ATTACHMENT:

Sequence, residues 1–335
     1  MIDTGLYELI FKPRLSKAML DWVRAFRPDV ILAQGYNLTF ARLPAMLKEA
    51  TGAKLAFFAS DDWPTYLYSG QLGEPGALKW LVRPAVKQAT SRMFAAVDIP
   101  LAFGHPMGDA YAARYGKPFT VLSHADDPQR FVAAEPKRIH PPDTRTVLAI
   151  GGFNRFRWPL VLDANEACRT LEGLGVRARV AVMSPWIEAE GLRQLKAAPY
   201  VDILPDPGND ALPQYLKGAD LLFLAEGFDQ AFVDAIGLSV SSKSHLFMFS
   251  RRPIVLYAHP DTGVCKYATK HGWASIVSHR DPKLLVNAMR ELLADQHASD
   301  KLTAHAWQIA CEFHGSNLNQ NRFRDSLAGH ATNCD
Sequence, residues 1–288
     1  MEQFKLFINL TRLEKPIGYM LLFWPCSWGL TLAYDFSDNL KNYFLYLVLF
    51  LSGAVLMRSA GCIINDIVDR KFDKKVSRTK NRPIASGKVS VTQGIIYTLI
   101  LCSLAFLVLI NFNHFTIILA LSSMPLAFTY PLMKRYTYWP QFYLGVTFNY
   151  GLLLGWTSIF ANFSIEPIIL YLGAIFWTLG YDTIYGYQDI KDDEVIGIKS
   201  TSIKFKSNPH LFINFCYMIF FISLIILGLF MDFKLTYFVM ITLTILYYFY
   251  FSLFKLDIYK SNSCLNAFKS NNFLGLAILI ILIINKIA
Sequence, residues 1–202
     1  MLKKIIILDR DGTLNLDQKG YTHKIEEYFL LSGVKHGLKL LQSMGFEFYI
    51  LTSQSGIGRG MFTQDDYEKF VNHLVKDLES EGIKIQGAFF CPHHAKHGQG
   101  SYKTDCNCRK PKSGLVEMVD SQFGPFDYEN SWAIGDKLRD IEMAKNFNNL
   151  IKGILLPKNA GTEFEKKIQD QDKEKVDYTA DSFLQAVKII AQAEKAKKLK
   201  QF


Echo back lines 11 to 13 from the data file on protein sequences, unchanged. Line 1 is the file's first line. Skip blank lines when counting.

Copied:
    51  LSGAVLMRSA GCIINDIVDR KFDKKVSRTK NRPIASGKVS VTQGIIYTLI
   101  LCSLAFLVLI NFNHFTIILA LSSMPLAFTY PLMKRYTYWP QFYLGVTFNY
   151  GLLLGWTSIF ANFSIEPIIL YLGAIFWTLG YDTIYGYQDI KDDEVIGIKS